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Jones v. Pleasant Valley State Prison

UNITED STATES DISTRICT COURT EASTERN DISTRICT OF CALIFORNIA


November 10, 2009

TYRONE R. JONES, PLAINTIFF,
v.
PLEASANT VALLEY STATE PRISON, ET AL., DEFENDANTS.

The opinion of the court was delivered by: Sandra M. Snyder United States Magistrate Judge

ORDER FOLLOWING REMAND ORDER FOR DEFENDANTS LOO, HUANG, NEUBARTH, ORTIZ, AND McVICAR TO FILE ANSWER TO COMPLAINT WITHIN THIRTY DAYS

I. RELEVANT PROCEDURAL HISTORY

Tyrone R. Jones ("Plaintiff") is a state prisoner proceeding pro se and in forma pauperis with this civil rights action pursuant to 42 U.S.C. § 1983. Plaintiff filed the complaint commencing this action on March 12, 2001. (Doc. 1.) The court screened the complaint pursuant to 28 U.S.C. § 1915A and issued an order on October 9, 2001, directing the United States Marshal to serve process on defendants G. Lewis, Ducray, L.B. McVicar, W. Buehler, J.C. Smith, V.M. McKnight, W.R. Williams, L. Loo, J. Neubarth, R. Ortiz, H. Huang, C.J. Sanchez, C. Murtaugh, Davis, Cantu, Tress, and Stephens.*fn1 (Doc. 9.)

On November 29, 2001, defendants filed a motion to dismiss the complaint based on Plaintiff's failure to exhaust administrative remedies, and on March 6, 2002, defendants filed an amended motion to dismiss. (Docs. 33, 48.) On March 10, 2003, the court denied the motion, with leave to renew it in light of the Ninth Circuit's recent decision in Wyatt v. Terhune.*fn2 (Docs. 81, 91.)

On March 31, 2003, defendants renewed the motion to dismiss the complaint based on Plaintiff's failure to exhaust administrative remedies. (Doc. 97.) On March 11, 2004, the renewed motion was granted in part and denied in part, leaving the case to proceed only against defendants Cantu and Davis on Plaintiff's excessive force claims, and dismissing all other claims and defendants. (Docs. 107, 109.)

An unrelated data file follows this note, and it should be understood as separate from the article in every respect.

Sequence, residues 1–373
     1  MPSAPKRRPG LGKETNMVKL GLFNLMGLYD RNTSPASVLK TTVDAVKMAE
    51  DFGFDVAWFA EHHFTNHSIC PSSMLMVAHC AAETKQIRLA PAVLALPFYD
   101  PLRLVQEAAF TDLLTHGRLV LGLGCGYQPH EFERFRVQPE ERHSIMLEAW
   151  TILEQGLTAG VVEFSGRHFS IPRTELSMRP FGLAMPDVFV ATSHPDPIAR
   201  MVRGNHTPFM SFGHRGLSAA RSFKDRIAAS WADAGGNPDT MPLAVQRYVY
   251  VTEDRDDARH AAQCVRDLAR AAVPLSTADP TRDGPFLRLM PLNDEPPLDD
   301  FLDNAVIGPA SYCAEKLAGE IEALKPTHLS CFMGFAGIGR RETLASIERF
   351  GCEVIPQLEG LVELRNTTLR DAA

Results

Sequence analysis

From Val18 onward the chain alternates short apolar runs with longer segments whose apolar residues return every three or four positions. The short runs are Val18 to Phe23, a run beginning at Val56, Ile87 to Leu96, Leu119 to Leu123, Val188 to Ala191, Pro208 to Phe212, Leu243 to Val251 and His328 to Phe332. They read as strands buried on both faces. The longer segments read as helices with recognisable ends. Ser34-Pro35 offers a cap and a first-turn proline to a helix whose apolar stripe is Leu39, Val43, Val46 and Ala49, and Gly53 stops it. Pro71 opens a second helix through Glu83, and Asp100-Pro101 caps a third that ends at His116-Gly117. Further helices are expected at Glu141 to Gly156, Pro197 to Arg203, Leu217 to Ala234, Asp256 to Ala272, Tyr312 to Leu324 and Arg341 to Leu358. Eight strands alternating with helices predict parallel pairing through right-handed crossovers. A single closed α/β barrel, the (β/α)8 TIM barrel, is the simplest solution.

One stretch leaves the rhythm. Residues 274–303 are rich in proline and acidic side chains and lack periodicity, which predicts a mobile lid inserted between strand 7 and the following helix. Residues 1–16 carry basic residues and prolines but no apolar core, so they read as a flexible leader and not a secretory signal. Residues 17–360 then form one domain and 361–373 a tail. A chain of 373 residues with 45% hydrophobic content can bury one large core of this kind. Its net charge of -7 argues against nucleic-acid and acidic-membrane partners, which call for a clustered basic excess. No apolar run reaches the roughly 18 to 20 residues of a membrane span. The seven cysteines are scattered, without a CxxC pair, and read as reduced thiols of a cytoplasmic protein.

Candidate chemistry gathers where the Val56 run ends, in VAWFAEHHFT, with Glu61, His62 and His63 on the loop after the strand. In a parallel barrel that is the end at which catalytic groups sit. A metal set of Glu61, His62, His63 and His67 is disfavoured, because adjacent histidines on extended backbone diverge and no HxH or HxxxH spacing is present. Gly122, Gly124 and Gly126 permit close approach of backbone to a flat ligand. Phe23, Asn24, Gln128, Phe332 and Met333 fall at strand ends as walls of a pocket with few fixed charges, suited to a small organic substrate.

On March 25, 2004, defendants Cantu and Davis filed an answer to the complaint. (Doc. 110.) On April 15, 2004, the court issued a Discovery/Scheduling Order setting pretrial deadlines. (Doc. 111.) On May 11, 2004, defendants Cantu and Davis filed a motion to dismiss the complaint based on Plaintiff's failure to exhaust administrative remedies on the excessive force claim. (Doc. 114.) On January 19, 2005, the motion was granted, and the case was dismissed in its entirety without prejudice. (Docs. 121, 122.) Judgment was entered on January 19, 2005. (Doc. 123.)

On January 31, 2005, Plaintiff filed a notice of appeal to the Court of Appeals for the Ninth Circuit. (Doc. 124.) On May 26, 2009, the Ninth Circuit affirmed in part and vacated in part the district court's judgment, remanding the action. (Doc. 133.) The judgment was affirmed as to the dismissal of Plaintiff's Eighth Amendment claim against defendant Murtaugh regarding sleep deprivation, Plaintiff's excessive force claim against defendants Davis and Cantu, Plaintiff's deliberate indifference claim regarding access to prescription medication, and Plaintiff's retaliation claim concerning Plaintiff's placement in administrative segregation. The judgment was vacated as to the dismissal of Plaintiff's deliberate indifference claims regarding treatment of his bunions, hemorrhoids and skin condition, in light of the Ninth Circuit's recent decision in Griffin v Arpaio.*fn3 The district court reopened the case on June 2, 2009. This case now proceeds only against defendants Dr. Larry Loo, Dr. Neuberth, Dr. Huang, Dr. Ortiz, and McVicar, on Plaintiff's Eighth Amendment claims for inadequate medical care related to his bunions, hemorrhoids, and skin condition.

II. SUMMARY OF PLAINTIFF'S ALLEGATIONS REGARDING TREATMENT OF HIS BUNIONS, HEMORRHOIDS, AND SKIN CONDITION

Plaintiff was in custody at Pleasant Valley State Prison ("PVSP") in Coalinga, California, at the time the events at issue occurred. Plaintiff alleges as follows in the complaint in support of his claims against defendants Loo, Neubarth, Huang, Ortiz, and McVicar, regarding treatment of his bunions, hemorrhoids, and skin condition.